Table 1.
The distribution of β-globin chain mutations 

Evaluation of β-thalassemia mutations in 106 patients with 212 alleles, revealed the presence of homozygous mutation in 85 patients (80.2%) and compound heterozygous mutation in 21 patients (19.8%). The consanguineous marriage rate for patients with homozygous mutation was 80%, while 67,1% of marriages were between first cousins. The consanguineous marriage rate for patients with heterozygous mutation was 38,1% and 14,3% of them were first cousins.
The mutations detected in patients with homozygous mutation were IVS I.110 (G>A) (38.8%), Codon 8 del –AA (11.8%), IVS II.1 (G>A) (8.2%) and IVS I.1 (G>A) (8.2%) (Table 2). Observed mutations in the compound heterozygotes were Codon 39 (C>T)/Codon 41-42 (-CTTT) (14.3%), IVS I.110 (G>A)/Codon 39(C>T) (14.3%), IVS I.110 (G>A)/Codon 44(-C) (14.3%), and IVS II.745 (C>G)/ 5’UTR + 22 (G>A) (9.5%) (Table 3).


Table 2.
The distribution of homozygous β-thalassemia mutations 


Table 3.
The distribution of compound heterozygous β-thalassemia mutations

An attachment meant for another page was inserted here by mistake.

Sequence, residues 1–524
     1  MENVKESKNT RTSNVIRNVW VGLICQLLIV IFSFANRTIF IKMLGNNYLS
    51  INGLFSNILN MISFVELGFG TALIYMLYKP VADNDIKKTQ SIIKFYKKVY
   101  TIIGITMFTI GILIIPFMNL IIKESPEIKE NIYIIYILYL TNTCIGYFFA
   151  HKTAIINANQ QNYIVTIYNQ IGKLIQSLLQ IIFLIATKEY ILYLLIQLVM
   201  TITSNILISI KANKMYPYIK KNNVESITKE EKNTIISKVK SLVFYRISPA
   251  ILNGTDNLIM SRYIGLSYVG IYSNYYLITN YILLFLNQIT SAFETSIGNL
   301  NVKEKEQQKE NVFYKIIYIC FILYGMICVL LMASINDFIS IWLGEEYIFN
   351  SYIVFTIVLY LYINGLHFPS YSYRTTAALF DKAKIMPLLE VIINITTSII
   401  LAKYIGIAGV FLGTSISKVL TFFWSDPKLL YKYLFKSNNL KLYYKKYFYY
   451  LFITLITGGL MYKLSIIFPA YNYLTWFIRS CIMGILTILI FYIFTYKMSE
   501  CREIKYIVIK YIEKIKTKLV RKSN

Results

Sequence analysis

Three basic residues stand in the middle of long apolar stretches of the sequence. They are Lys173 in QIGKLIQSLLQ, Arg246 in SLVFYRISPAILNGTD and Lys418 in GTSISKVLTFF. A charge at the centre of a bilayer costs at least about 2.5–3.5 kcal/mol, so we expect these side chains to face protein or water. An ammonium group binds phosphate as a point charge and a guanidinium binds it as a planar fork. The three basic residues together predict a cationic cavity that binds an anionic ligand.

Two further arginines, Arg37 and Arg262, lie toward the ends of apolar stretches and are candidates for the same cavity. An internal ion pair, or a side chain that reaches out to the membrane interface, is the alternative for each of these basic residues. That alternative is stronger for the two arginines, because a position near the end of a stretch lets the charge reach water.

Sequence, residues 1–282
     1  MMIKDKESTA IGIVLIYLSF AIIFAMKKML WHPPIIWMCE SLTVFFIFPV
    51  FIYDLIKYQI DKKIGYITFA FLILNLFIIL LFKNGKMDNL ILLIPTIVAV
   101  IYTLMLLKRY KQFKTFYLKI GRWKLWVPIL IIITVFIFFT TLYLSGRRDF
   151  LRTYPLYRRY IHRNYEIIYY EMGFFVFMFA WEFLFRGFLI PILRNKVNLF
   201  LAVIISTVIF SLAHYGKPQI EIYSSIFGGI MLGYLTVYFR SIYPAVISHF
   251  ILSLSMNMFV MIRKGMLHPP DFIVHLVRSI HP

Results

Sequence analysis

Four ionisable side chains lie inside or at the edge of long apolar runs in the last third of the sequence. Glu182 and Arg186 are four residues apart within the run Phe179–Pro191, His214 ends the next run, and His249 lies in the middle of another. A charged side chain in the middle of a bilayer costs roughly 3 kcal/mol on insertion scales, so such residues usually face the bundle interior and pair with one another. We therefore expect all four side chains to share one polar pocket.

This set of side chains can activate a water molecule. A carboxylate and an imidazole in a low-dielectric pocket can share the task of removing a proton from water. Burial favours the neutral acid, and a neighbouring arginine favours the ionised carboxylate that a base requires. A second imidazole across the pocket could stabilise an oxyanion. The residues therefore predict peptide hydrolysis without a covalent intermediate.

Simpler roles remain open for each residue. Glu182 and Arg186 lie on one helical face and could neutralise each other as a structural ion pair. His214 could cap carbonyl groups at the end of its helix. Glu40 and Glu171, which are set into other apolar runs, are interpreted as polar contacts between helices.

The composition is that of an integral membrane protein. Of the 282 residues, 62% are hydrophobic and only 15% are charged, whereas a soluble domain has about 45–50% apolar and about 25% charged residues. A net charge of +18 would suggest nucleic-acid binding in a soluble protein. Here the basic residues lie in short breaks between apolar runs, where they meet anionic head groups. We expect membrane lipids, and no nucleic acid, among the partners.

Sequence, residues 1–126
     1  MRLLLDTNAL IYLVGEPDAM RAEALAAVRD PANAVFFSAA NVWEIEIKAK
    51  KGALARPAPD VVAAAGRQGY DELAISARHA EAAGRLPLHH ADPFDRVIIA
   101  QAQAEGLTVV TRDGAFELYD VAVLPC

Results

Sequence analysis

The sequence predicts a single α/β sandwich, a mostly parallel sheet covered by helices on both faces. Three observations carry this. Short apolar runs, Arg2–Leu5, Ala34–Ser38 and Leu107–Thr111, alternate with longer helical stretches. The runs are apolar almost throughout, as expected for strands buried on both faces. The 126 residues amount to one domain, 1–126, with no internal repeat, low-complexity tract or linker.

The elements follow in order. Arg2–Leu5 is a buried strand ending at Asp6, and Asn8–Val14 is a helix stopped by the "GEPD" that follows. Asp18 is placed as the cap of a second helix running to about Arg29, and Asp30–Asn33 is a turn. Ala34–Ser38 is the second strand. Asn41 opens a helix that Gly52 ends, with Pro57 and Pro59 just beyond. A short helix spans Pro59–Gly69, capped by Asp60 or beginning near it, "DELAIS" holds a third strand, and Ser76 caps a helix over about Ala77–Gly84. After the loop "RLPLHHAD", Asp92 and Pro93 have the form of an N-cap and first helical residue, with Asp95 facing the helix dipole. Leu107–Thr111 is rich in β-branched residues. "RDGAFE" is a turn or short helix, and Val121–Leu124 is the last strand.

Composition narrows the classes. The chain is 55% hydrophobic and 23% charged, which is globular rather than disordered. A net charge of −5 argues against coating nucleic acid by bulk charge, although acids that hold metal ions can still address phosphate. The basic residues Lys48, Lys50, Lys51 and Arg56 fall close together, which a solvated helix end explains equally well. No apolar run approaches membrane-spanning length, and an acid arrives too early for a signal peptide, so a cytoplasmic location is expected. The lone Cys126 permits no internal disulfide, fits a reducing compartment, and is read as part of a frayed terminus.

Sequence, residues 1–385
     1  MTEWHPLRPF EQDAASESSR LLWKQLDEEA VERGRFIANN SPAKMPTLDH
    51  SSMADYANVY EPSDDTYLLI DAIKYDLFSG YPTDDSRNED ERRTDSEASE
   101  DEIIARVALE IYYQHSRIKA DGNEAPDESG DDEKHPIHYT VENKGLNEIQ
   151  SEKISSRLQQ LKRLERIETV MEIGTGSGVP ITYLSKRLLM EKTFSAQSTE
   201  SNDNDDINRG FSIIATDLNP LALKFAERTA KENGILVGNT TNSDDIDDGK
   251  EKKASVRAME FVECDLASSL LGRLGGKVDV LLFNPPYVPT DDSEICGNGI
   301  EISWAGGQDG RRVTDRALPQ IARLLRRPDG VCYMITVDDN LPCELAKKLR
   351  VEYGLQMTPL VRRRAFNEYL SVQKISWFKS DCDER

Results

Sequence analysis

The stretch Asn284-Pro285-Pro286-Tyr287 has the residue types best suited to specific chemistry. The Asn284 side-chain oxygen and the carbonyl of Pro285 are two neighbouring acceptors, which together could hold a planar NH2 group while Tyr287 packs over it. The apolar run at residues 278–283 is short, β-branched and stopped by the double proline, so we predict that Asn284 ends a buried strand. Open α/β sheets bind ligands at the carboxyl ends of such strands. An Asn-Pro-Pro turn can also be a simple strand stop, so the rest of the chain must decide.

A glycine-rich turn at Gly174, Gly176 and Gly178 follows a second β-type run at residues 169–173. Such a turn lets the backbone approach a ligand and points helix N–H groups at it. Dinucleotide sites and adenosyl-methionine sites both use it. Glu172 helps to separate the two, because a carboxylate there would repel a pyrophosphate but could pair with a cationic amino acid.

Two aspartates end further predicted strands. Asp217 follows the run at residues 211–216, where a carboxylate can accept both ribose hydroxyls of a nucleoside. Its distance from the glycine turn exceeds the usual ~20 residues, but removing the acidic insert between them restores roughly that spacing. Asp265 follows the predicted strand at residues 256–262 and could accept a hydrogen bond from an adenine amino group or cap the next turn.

The most commonly encountered mutations in patients with β-thalassemia major were IVS I.110 (G>A) homozygous (39.2%), Codon 8 del –AA homozygous (8.3%), IVS I.1 (G>A) homozygous (7.1%), Codon 5 (-CT) homozygous (7.1%) and Codon 39 (C>T) homozygous (4.9%), which made up two-thirds of detected mutations in this group. Other observed mutations are showed in table 4
In patients with β-thalassemia intermedia, the most frequently detected beta chain mutation was IVS II.1 (G>A) homozygous (27.3%), followed by Codon 8 del–AA homozygous (%13,6), IVS I.6 (T>C) homozygous (13.6%), 5’UTR+22 (G>A) homozygous (9.1%), IVS I.1 (G>A)  homozygous (4.5%), Codon 8-9 (+G) homozygous (4.5%), -30 T>A homozygous (4.5%), IVS I.110 (G>A)/IVS II. 848 (C>A) compound heterozygous (4.5%), IVS II.1 (G>A)/IVS 1.6 (T>C) compound heterozygous (4.5%), Codon 39 (C>T)/IVS 2.1 (G>A) compound heterozygous (4.5%), IVS I.110 (G>A)/5’UTR+22 G>A compound heterozygous (4.5%), IVS I.110 (G>A)/Codon 8 del –AA compound heterozygous (4.5%) (Table 5).


Table 4.
The distribution of mutations in patients with β-thalassemia major 


Table 5.
The distribution of mutations in patients with β-thalassemia intermedia